The biggest drawn to America was not the jobs per se, but what they paid in comparison to what they could earn back home. A Golden $1000 could be made in three years here, but not in a lifetime back home as a peasant.

        Your family was caught up in a great migration of the late 1800’s and early 1900’s that came to America from Central Europe**. In the county where my family was from there were some villages that almost became ghost towns. It would take some investigation to learn if something in particular took place that might have caused the move. I would jump to the conclusion that Mike’s experience in America was such that he wanted his family to come, not so much something forced them to come.

        **Slovakia has been stuck with the tag Eastern Europe because of its domination by the Soviets. In reality Slovakia has a just claim for having the geographical center of Europe. The Slovaks have an insistence that they be labeled as Central Europe. Old ways are hard to change.

        From: bassfantastic
        Sent: Friday, June 07, 2013 9:01 PM
        To: SLOVAK-ROOTS@yahoogroups.com
        Subject: [S-R] Misko - Miklish


        I decided to start a new thread because I didn't want to step on the other thread that was originally for another member.

        I have seen it spelled Miskov and in older records in Cyrillic it's Mishko. Are you aware of any particular events at that time which would prompt them to move to the United States? It's hard to believe things would be worse than a miner here. Actually their youngest son died in a mine accident at age 17.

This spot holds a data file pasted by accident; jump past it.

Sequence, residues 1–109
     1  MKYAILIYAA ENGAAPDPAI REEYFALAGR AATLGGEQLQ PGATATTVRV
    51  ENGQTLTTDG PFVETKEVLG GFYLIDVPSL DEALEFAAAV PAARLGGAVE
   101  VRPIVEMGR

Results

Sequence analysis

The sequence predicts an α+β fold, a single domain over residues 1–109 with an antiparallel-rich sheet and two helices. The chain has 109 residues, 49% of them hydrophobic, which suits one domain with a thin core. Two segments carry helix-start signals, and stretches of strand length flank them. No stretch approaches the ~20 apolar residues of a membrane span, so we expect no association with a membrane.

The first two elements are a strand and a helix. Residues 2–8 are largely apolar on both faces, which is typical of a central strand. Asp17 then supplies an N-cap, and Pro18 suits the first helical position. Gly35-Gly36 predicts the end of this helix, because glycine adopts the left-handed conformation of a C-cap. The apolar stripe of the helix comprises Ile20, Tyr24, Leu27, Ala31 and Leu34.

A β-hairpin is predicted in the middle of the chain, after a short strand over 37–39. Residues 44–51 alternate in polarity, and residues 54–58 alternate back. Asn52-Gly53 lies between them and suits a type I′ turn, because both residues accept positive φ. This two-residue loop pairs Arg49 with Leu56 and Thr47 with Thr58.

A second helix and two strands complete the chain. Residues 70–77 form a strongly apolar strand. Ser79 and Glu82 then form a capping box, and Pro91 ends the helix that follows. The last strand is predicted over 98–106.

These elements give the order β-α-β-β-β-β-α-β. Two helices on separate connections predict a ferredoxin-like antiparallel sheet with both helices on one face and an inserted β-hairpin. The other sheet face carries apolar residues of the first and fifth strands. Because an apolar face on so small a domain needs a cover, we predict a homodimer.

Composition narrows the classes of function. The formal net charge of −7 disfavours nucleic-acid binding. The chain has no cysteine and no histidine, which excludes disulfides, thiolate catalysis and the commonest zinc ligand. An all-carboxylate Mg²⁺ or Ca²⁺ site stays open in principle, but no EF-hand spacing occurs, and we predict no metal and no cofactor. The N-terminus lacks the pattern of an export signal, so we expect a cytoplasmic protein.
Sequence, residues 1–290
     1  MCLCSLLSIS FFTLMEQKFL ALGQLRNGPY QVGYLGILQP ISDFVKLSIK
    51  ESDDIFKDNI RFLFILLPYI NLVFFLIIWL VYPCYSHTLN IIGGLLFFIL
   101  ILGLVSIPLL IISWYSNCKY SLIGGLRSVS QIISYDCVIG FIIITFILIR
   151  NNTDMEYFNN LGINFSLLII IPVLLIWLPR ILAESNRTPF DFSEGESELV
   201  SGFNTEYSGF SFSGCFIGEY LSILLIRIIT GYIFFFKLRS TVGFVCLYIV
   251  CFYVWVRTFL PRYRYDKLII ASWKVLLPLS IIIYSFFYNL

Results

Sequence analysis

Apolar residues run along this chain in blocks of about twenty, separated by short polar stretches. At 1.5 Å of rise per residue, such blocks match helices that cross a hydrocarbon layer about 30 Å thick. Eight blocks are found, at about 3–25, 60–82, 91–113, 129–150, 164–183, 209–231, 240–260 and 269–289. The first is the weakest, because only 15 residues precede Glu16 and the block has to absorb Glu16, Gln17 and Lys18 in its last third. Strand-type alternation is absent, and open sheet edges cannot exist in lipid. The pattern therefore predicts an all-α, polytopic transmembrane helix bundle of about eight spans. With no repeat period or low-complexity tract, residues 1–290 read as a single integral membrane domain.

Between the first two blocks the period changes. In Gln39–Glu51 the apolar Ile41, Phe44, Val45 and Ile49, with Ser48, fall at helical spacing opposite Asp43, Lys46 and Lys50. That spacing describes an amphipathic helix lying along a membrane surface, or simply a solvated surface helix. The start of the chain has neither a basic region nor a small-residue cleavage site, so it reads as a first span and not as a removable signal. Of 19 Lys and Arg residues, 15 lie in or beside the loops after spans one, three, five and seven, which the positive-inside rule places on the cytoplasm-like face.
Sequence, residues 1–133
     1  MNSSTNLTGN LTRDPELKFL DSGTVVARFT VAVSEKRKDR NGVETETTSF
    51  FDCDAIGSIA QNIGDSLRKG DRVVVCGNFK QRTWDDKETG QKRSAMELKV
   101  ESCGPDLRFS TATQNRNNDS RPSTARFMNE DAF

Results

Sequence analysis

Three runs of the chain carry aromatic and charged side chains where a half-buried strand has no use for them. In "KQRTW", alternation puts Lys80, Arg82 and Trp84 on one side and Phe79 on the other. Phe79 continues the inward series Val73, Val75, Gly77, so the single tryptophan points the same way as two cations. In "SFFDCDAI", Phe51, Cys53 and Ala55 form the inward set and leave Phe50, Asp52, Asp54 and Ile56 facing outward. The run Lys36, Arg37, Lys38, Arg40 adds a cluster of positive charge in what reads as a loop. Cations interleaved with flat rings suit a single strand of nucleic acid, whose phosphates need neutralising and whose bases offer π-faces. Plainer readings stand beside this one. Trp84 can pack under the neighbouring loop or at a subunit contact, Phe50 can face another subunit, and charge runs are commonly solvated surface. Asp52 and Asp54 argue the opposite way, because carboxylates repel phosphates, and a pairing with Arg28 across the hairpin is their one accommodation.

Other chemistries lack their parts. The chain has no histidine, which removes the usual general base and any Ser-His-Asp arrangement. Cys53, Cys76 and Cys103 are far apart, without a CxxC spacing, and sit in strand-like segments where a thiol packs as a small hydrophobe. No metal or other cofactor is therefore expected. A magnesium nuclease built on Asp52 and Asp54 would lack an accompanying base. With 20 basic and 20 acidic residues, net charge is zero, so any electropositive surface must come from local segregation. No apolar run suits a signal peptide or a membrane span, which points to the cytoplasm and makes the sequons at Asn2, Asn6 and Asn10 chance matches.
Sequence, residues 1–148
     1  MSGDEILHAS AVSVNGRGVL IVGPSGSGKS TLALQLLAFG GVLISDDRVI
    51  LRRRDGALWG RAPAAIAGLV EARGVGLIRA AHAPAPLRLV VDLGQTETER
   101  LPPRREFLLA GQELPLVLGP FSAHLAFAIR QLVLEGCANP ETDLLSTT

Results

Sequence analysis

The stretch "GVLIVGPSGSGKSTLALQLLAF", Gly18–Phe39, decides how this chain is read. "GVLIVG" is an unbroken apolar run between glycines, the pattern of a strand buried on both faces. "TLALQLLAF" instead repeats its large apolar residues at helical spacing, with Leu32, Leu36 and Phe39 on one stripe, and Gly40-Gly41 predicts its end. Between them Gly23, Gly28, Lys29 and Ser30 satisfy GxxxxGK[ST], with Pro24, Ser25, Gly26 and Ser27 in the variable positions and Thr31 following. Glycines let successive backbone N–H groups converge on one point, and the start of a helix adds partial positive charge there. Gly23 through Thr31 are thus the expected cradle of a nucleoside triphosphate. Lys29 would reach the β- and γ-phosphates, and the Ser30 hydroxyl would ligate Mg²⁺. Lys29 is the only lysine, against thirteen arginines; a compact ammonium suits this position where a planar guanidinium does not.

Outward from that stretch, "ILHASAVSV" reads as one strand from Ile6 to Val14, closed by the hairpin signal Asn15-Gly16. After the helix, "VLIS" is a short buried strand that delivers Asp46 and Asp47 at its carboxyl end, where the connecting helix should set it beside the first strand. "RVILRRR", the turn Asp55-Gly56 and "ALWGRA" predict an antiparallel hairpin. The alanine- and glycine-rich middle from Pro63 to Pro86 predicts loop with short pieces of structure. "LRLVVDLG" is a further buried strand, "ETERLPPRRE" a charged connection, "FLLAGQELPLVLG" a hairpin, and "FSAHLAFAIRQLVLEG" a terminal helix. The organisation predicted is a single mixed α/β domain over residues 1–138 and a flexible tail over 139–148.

In addition to the 3 children that came on the ship with their mother, there were also 2 other births where the child died.I have found the birth and death records for all the children.
        Obviously he was back and forth but for the life of me I can't even find one ship passenger list from him.

        1885 Gyorgy died 1889
        1886 Mary (came on ship)
        1893 Peter (came on ship)
        1897 Anna died 1898
        1899 Nicholas (came on ship)

        Nacina Ves MI/KI zemplín.
        1773 Natafalva, Naczina Wes, 1786 Natafalwa, Nacsina Wes, 1808 Nátafalva,
        Náthafalva, Nacyná Wes, Natiná Wes, 1863â€"1913 Nátafalva, 1920â€" Nacina
        Ves

        Natafalva is now Nacina Ves in the orkes/district of Michalovce in far Eastern
        Slovakia.

        In the late 1800’s Magyarization policy where in all records only Hungarian
        can be used caused Slovak surnames and given names to be given a Hungarian
        spelling. So, do not be surprised you may find those names to be spelled
        different prior to Magyarization.

        Peter “Americanized” Miklos to Miklish.

        Mikulas is Slovak for Nicholas. The pronunciation of Mikulas is close enough to Mike to not be surprised that he used that in the USA. Mikulas Miklos would be almost like saying his name was Nicholas Nicholas. Because Miklos is Hungarian for Nicholas. If you saw the surname as Misko, I would suspect that is probably the original before Magyarization.

        It appears that “Mike” was a “commuter” to the USA. The Ship’s